(Bloomberg Opinion) -- After a week of anger and protests, Brazilian truck drivers agreed late Sunday to ease their strike. That’s the good news. For more than a week, the truckers had all but staggered this country of 208 million people, jamming the highways with semis and strangling commerce from the grain silos to cargo ports.
What’s less heartening are the terms of the shaky truce, including cheaper fuel and a tax break for cargo transport workers, which emboldened a powerful pressure group at the expense of Brazilian taxpayers, may well encourage other aggrieved groups to do the same, and did nothing to address the fiscal disarray and ailing infrastructure sapping the region’s biggest economy.
Ostensibly, the strike was over the price of diesel fuel, which has kept pace with the price of crude oil and the ascendant U.S. dollar. Such is the mandate of the new management at Petrobras, the disgraced Brazilian oil major that has just begun to claw back credibility and asset value by shedding dud holdings and pledging to follow the global market instead of the whims of spendthrift petro-populists.
Yet most Brazilians have rarely been market enthusiasts, and one of the consequences of dirigisme in Brasilia is a longing for the all-too-visible hand, which sought to mollify lobbies by managing prices, from the light bill to the filling station, and deliver both growth and low inflation. What Brazil got instead over the last decade were fiscal bloat, the worst recession in memory, and an austere economic course correction that set the stage for popular discontent and now road rage.
Emboldened by the wavering command of President Michel Temer -- the least loved president since the return of democracy – the nation’s 1 million-strong truckers hit the pavement. In a matter of hours, the rebel fleet managed to stagger Latin America’s biggest economy, apparently with a wink and a nod from big transportation companies.
The truckers, and surely their undeclared sponsors, want cheaper diesel and elimination of a fuel tax and other levies that they say are unfair and onerous. With gas stations running dry, airlines grounded and supermarket shelves depleted, the Temer government relented, restoring the generous fuel subsidy and temporarily reducing prices at the pump.
Far worse than the official diffidence, however, was the failure by successive national leaders to foresee an economic comeuppance decades in the making. Leave aside for a moment the strikers’ poor aim: they targeted just a small part of the problem. Economists note that what makes gassing up so burdensome is not the federal fuel tax, elimination of which would shave the fuel bill by just a few cents per liter, but Brazil’s overall tax burden -- one of the highest and most regressive in the developing world.
Total fuel taxes in Brazil amount to close to half the price of every liter. Other countries (Norway, Netherlands, the UK) pay more, according to the OECD. (Mexico and the U.S. are outliers, with taxes amounting to less than a quarter of the total price.) However Brazilians also are hostage to a fiscal war between state governments, each of which sets its own tax on the circulation and sales of merchandise, known as the ICMS. That adds up to 34 percent (13 percent for diesel) to the fuel bill. And since local governments control the ICMS, revising that weighty levy will be far more vexing.
The improvised deal to slash the fuel tax and prices will cost Brazilian public coffers around $2.6 billion, part of which the government will pay for by cutting public spending and the rest by kiting the bill to taxpayers. More than piecemeal tax breaks, Brazil needs tax reform, which takes political focus and conviction, both of which are also running on empty.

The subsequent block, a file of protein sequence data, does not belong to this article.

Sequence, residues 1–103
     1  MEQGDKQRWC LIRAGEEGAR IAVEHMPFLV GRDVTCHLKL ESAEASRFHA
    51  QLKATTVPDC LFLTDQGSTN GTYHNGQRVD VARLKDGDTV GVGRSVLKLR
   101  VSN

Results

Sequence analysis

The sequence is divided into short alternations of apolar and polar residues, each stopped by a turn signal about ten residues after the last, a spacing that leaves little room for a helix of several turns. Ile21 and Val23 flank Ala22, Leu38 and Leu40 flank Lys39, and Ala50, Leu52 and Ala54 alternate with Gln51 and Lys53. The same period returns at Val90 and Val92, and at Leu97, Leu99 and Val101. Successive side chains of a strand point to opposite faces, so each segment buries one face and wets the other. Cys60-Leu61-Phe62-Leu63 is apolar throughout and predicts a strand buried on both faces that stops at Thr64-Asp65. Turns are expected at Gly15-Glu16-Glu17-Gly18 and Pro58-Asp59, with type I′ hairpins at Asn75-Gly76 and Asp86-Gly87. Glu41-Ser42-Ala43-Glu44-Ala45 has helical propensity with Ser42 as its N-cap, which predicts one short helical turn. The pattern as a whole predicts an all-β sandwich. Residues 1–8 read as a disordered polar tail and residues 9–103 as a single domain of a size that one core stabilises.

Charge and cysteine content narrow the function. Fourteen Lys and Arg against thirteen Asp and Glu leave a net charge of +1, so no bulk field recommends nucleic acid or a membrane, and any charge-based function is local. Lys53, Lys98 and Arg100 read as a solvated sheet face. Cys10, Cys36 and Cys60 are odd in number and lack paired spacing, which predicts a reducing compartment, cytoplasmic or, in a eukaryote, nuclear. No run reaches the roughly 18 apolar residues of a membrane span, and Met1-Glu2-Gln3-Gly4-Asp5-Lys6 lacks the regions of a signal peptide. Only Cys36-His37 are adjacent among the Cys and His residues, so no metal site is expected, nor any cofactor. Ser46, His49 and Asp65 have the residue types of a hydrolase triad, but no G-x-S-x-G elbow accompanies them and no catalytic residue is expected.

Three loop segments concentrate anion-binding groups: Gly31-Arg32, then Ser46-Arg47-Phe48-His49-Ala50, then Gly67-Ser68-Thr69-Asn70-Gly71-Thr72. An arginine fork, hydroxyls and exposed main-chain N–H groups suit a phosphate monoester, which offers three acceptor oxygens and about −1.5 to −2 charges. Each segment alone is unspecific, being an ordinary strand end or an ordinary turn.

More troublingly, the crisis exposes Brazil’s woeful dependence on asphalt and tailpipes. More than 60 percent of cargo trundles by road across a country as big as the continental United States. By contrast, only a quarter of the nation’s freight is carried by rails. And despite a 7,400-kilometer coastline and a countryside filigreed with navigable rivers, a paltry 14 percent of Brazilian cargo is ferried by waterways, far below the share in the U.S. (25 percent) and Canada (35 percent).
Yet because repeated fiscal crises and spotty maintenance have left the country’s roadways in chronic disrepair, overland shipping is often a pricey crapshoot, where perishable cargo and trucker’s health are constantly at risk. The National Transportation Confederation found last year that of 105,000 of roadways, 62 percent were in poor or terrible shape, compared with 58 percent in 2016.No wonder anywhere from 5 percent to 30 percent of grains and cereals harvest goes to waste due to shabby infrastructure, including decrepit roads. That’s one reason Brazil scores so badly on world measures of logistics and competitiveness.
The World Economic Forum ranked Brazil 107th out of 144 countries in the level of infrastructure development. It trailed all three developing nation peers China, India and South Africa on the World Bank’s 2016 Logistics Performance Index, and placed last out of 160 nations on a six-item checklist for customs and international shipping.
In a recent ranking of overall infrastructure, Brazil, with the world’s eighth largest economy, finished 73rd out of 137 nations, according to the international consultancy Oliver Wyman.
Most of these woes have been lost in the row over the cargo strike, which truckers have vowed to continue despite official concessions. With politicians gauging the potential fallout on the coming presidential elections, Brazilians typically responded to the “fuel blackout” with memes and improvisation, such as pizza delivery on horseback. Unfortunately, tax reform and better infrastructure are unlikely to come via takeout.
©2018 Bloomberg L.P.